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Revenge Drives Young Somali Militant
IN MOGADISHU: A woman shelters her child in the window of a battle-scarred building in the Somali capital in February. The continuing violence and presence of Ethiopian soldiers in Somalia is contributing to the radicalization of a generation of youth.
After seeing most of his family killed by an Ethiopian missile, a 15-year-old dreams only of death -- his enemies', and his own.
By Abukar Albadri
DJIBOUTI, November 30, 2007 - A year ago, Bashir Yusuf was a schoolboy who dreamed of becoming a doctor. Now the 15-year-old Somali dreams only of revenge and his own death.
His transformation from junior high student to Islamist fighter with blood on his hands is a bitter legacy of the cycle of violence that began in Somalia a year before Bashir was born. Just as the U.S.-led invasion of Iraq has become a recruiting tool for Al Qaeda, the presence of thousands of Ethiopian troops in Somalia is creating a generation of religious warriors such as Bashir, radicalized by a daily diet of violence.
Today, Bashir is recuperating in the neighboring country of Djibouti after losing his hand during an attack on his insurgent hide-out.
The militant journey that brought him to a hospital here began in March, when an Ethiopian missile landed on his family's home in Mogadishu, the capital of Somalia.
Three months earlier, Ethiopian troops had crossed the border to help Somalia's weak transitional government defeat an alliance of religious leaders known as the Islamic Courts Union that had seized control of Mogadishu. The brief war brought the capital under government control, but thousands of Ethiopian troops remain in Somalia to help the government battle an insurgency of Islamic fighters and hostile clans.
More than 1,000 civilians are believed to have died in the fighting this year, and 450,000 have been displaced. Many have been cut off from food, healthcare and other aid.
Bashir's family was asleep when the missile hit. As he escaped from the rubble, he saw the smashed bodies of his father, an imam at the local mosque, his brother and two sisters.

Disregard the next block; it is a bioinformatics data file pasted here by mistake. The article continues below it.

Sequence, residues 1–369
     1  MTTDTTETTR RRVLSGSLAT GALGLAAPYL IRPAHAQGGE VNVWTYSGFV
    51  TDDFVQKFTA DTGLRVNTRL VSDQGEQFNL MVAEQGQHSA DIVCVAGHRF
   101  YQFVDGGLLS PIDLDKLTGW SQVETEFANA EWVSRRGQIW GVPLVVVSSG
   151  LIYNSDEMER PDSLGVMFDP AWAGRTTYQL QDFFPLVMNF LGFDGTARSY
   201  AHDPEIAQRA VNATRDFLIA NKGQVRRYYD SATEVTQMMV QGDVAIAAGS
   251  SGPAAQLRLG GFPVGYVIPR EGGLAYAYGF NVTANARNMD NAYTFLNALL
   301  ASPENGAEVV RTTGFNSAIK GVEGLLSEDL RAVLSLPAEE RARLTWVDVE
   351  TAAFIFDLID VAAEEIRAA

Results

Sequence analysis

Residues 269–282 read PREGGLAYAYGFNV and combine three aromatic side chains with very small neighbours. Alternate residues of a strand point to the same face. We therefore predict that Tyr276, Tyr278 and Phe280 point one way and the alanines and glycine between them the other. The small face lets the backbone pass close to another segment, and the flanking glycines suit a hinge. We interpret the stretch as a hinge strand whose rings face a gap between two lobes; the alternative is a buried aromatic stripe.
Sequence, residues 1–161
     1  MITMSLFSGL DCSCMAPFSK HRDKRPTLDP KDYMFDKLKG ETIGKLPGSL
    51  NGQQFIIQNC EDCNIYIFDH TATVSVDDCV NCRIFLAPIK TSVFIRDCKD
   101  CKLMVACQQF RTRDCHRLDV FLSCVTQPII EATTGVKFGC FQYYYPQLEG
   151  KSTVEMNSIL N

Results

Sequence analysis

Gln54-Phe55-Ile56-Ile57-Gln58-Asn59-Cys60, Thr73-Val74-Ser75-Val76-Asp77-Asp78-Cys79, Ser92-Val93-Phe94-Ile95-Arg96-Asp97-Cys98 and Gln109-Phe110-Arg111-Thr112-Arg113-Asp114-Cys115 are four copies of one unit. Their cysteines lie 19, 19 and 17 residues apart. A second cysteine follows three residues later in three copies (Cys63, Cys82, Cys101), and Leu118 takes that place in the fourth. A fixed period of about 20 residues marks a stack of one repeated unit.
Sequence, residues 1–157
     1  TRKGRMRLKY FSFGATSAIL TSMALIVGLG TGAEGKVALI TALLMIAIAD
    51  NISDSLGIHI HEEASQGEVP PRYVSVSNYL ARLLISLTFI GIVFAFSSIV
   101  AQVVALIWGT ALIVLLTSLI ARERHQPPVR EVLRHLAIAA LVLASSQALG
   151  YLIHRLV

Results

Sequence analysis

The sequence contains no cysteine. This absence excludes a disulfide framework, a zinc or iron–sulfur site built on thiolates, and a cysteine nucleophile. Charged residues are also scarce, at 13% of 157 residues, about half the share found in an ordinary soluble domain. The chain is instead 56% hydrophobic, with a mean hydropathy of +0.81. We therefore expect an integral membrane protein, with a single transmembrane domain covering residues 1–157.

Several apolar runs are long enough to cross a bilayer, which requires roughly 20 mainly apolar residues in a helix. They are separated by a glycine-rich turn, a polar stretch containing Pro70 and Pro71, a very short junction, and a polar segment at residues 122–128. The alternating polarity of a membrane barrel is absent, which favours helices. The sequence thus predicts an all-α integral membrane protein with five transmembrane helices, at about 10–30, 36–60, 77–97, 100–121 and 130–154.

Helping his wounded mother and grandmother, Bashir fled with them to a displacement camp about 10 miles outside the capital. The traumatized family survived on handouts from a local doctor and private aid groups.
At night, Bashir said, he would lie awake in the camp, his mind drifting between two courses of action: suicide or revenge.
"I saw my future was dark," he said. "I lost hope." His dreams of becoming a doctor had vanished. Even finishing high school seemed unlikely now. Condolence visits from friends and family only served to rekindle the pain and prolong his anger.
He decided upon revenge.
Bashir had admired the Islamic Courts Union since the group chased U.S.-backed warlords out of Mogadishu in June 2006. American officials have accused the Islamists of having links to terrorist groups.
Last December, when an invasion of Ethiopian troops appeared likely, Bashir and some friends ditched class one day and secretly visited an Islamist training camp. They signed a "jihad book" vowing to take up arms against the Ethiopians..
But he described the move as a childhood dare, a result of peer pressure. He hadn't followed through on the pledge and said he didn't dare tell his parents. His father, he believed, would never have approved.
By April, living in the displacement camp, Bashir said, he was ready to fulfill that promise after all.
"I stopped sleeping," he said. "I read the Koran more and more. I decided to go back to Mogadishu and fight the Ethiopians."
It didn't take long to hook up with an underground insurgency group known as Shabab, a militant wing of the Islamic Courts Union that has claimed responsibility for many of the bombings and assassinations in Mogadishu, including the killing of an Italian nun in 2006. On its website, the group has pledged its allegiance to Al Qaeda.
Within two weeks, Bashir said, he was getting lessons in guerrilla warfare and religion. If he died as a "martyr," he would be rewarded in heaven with 70 virgin brides, Bashir said he was told.
He got a pistol and was assigned to a cell that included seven other young men. Different teams received different orders. Some were responsible for face-to-face assassinations. Others handled roadside bombs or mortar attacks.
Bashir's team was tagged to throw hand grenades at Ethiopian or government soldiers in Mogadishu's Bakara market.
"One of us would be assigned to do the deed, while the others would defend him if attacked," Bashir said. "We used a code language."
They were paid for every attack. He would get $20 for every grenade he threw and an additional $30 if it killed a soldier. Planting a roadside bomb and mortar attacks pay $100. "The money is a motivation," Bashir said.
He refused to say how many people he had killed, but said he had "avenged" the deaths of his father and siblings. "As my family cried," he said, "I have caused many Ethiopian families to cry."
He has sent much of the money he received to his mother, he said. His mother, he said, approves.
But Bashir has paid a price for his choices. He was shot twice during gunfights with government soldiers and lost his hand during a rocket-propelled-grenade attack against an insurgent hide-out.
When recalling some of his fellow young insurgents who were killed, he began to cry. "They are in paradise," he said. "I'm not as lucky as they are."
He said his injuries were proof of his commitment. "It's a certificate of jihad," Bashir said. Once he has recovered, he said, he plans to return to Somalia, using his remaining hand to keep throwing grenades.
He no longer thinks about school. He has no plans to marry. Instead, his focus is on what he calls the ultimate certificate of jihad: death.
Source: The Los Angeles Times